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The Cya A vector

The CyaA vector (AC-) is a technological antigen delivery platform developed by the Institut Pasteur and the Academy of Sciences of the Czech Republic. Bordetella bronshiseptica Adenylcyclase (CyaA) protein has been genetically engineered to allow antigen insertion to activate the immune system against cells with the inserted antigen. This activation is carried out by means of specific cells of the immune response, the dendritic cells (DC), using signaling pathways which allow to initiate a cellular and humoral response (Th1 type response). This type of response is ideal for the development of prophylactic but also therapeutic vaccines.

The vaccines produced with the CyaA vector are chimeric recombinant proteins consisting of the CyaA protein and the selected antigen, inserted by genetic engineering.

When injected into the animal, the CyaA vector naturally delivers the antigen inserted directly into the DC inducing the cytotoxic T lymphocytes CD8 + (T Killer) and CD4 + (T Helper) specific for these antigens. These T Killer cells then circulate in the body and destroy only the cells carrying the antigen inserted into the CyaA. This technology therefore works by targeting and selective eradication of infected cells bearing the same antigen as that inserted in the CyaA.

Biological mechanism of action

CyaA has a unique mechanism of penetration into eukaryotic cells. CyaA is capable of internalizing its N-terminal domain directly through the cytoplasmic membrane of the target cells, from the extracellular to the cytosol (1, 2, 3, 4, 5, 6, 7, 8).

The adenylcyclase has been modified to inactivate its enzymatic activity and to be capable of harboring a variety of polypeptide or antigenic vaccine sequences. This was obtained without altering its strong affinity with the target sentinel cells (called dendritic cells (DC)) or its translocation capacity in the DC cytosol (10).

CyaA targets animal dendritic cells (DC) extremely efficiently. Indeed, the CyaA protein binds specifically to cells that carry CD11b / CD18 αm / β2 integrin. This complex is expressed only in DC, neutrophils / granulocytes, macrophages, Natural Killer cells (NK), and CD8 + B and T cell subsets (11). After binding of molecules to antigen presenting cells (APCs), two sets of events occur:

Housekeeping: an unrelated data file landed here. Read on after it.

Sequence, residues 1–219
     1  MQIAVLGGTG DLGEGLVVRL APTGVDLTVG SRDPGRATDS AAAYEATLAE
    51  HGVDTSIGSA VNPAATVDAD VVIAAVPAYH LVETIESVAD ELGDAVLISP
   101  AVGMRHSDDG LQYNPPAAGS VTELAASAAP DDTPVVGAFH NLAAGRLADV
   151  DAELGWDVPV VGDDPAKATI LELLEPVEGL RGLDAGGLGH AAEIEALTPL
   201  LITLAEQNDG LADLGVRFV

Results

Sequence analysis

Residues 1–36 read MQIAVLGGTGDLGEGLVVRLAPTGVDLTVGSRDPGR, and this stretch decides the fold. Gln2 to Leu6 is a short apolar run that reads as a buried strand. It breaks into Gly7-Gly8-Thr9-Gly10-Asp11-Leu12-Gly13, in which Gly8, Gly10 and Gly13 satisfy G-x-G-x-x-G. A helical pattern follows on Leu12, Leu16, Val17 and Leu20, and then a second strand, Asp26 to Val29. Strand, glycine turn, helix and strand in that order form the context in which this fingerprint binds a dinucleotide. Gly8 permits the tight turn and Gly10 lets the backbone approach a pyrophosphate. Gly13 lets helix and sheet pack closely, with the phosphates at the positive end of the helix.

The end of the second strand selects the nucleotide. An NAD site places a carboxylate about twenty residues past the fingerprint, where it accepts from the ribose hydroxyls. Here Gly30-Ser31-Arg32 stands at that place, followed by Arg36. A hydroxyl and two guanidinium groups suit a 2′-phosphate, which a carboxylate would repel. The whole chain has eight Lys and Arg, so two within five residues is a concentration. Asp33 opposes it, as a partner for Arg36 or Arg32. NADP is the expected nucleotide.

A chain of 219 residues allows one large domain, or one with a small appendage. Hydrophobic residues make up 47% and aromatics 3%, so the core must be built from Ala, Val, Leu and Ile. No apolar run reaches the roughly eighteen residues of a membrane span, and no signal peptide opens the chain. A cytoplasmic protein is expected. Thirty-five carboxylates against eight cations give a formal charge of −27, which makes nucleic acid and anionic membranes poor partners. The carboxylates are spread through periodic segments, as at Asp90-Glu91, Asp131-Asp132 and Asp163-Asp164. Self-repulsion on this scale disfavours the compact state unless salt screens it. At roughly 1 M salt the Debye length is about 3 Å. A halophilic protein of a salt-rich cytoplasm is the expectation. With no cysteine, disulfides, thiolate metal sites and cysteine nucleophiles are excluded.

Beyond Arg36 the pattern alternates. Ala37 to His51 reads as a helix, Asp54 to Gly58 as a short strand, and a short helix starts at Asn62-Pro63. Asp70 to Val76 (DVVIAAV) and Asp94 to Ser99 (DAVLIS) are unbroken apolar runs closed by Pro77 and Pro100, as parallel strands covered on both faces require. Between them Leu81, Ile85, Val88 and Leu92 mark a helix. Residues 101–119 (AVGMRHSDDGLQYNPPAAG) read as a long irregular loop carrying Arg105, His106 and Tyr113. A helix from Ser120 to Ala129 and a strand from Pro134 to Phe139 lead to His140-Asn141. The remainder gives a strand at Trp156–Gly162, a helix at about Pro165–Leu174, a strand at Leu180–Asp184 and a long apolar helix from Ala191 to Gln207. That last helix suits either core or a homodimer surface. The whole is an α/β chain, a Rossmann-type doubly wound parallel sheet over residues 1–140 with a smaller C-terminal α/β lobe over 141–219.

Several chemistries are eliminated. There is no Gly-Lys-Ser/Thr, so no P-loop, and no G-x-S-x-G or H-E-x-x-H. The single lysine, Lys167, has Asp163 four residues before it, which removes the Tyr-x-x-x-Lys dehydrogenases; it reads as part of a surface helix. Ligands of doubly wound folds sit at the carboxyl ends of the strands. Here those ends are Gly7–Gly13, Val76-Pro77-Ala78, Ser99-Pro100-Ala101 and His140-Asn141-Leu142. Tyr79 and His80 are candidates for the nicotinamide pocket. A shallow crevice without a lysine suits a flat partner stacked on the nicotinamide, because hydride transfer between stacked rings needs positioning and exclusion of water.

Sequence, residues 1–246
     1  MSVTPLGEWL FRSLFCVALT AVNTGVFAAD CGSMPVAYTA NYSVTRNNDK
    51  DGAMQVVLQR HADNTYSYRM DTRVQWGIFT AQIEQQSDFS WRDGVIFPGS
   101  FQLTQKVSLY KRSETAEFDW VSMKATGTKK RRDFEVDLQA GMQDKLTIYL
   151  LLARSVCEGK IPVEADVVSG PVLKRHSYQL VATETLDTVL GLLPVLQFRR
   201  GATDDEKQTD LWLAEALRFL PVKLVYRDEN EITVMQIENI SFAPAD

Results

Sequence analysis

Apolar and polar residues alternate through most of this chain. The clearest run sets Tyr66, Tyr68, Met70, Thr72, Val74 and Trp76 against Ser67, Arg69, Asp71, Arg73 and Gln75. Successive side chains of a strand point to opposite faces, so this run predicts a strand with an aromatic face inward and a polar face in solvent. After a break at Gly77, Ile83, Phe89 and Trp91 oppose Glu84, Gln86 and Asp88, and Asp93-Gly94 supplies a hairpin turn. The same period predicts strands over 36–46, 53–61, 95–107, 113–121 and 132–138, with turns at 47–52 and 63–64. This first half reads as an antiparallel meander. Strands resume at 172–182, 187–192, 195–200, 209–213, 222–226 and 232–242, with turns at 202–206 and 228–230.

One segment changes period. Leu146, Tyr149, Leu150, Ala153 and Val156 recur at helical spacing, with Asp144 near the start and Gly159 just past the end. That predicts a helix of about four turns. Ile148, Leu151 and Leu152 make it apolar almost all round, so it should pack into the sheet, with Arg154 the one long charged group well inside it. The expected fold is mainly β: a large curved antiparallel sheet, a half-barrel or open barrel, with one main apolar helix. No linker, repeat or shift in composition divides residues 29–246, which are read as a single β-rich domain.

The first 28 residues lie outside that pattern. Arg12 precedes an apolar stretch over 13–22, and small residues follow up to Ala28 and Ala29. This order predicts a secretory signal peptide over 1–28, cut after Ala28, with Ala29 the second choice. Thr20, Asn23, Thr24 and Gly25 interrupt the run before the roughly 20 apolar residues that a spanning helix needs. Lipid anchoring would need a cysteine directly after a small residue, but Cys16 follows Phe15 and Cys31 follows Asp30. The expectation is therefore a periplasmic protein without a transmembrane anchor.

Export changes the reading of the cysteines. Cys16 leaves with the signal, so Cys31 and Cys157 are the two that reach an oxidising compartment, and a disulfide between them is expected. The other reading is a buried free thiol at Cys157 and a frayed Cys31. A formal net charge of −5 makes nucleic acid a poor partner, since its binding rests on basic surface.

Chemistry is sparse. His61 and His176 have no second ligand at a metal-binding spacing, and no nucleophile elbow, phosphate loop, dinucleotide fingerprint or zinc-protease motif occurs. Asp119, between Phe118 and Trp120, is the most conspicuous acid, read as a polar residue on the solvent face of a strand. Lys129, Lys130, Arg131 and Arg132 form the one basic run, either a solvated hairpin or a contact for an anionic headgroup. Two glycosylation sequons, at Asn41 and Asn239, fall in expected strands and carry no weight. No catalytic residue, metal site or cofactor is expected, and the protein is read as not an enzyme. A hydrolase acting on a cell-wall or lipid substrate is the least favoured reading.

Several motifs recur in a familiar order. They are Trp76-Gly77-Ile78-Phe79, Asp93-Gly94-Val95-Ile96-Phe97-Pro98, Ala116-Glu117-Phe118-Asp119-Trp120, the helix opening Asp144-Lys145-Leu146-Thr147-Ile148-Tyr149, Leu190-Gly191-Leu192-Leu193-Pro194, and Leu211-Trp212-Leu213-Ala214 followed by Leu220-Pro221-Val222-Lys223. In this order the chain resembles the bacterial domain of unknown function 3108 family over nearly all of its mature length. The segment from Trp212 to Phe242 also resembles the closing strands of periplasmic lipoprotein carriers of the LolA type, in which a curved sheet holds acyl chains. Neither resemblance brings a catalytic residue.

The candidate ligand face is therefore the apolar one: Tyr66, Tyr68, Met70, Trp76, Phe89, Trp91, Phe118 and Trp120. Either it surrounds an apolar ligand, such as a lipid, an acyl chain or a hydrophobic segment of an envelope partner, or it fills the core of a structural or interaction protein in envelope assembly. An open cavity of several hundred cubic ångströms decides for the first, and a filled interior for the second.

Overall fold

1. Presentation in association with MHC-I molecules

Some CyaA molecules insert the terminal fraction of amino acid 400 into the cytosol where it is then treated by the proteasome. The released peptides bind to the transporter associated with antigen treatment (TAP) for routine delivery of the endoplasmic reticulum (ER) and presentation in association with the MHC class I neosynthesized complex at the APC surface. The epitopes presented in the MHC class I context are recognized by CD8 + T lymphocytes via their TCR receptor. This interaction can induce activation of the CD8 + T lymphocyte in cytotoxic T lymphocytes (1).

2. Presentation in association with MHC-II molecules

Some CyaA molecules are absorbed via the endosomal route via endocytosis. Once captured inside a lysosome, the CyaA protein is subjected to acid degradation into peptides which can then associate with the MHC class II molecules, transported across the cell membrane for its external presentation. These complexes are recognized by CD4 + T lymphocytes, which are activated and begin to secrete interferon-gamma (IFN-γ) (12, 13).

Finally, the CyaA vector also has the ability to provide maturation signals to the DC.

Références :

  1. Guermonprez P., et al. J. Immunol. 1999;162, 1910–1916.

  2. Bauche C., et al. J. Biol. Chem. 2006;281, 16914–16926.

  3. Vojtova-Vodolanova J., et al. PLoS Pathog. 2010;6, e1000901.

  4. Karst J. C., et al. J. Biol. Chem. 2012;287, 9200–9212.

  5. Subrini O., et al.  J. Biol. Chem. 2013;288, 32585–32598.

  6. Uribe K. B., et al. PLoS One. 2013;8, e67648.

  7. Veneziano R., et al. Proc. Natl. Acad. Sci. U.S.A. 2013;110, 20473–20478.

  8. Fayolle C., et al. J Immunol. 1996;156(12):4697-706.

  9. Guermonprez P., et al. Eur J Immunol. 2002;32, 3071-3081.

  10. Loucka J., et al. Infect Immun. 2002;70, 1002-1005.

  11. Schlecht G., et al. J Immunol. 2004;173:6089-97.

  12. Dadaglio G., et al. J Immunol. 2014 Aug 15;193(4):1787-98.

  13. Svedova M., et al.Immunology and Cell Biology 2016 Apr :94(4):322-33

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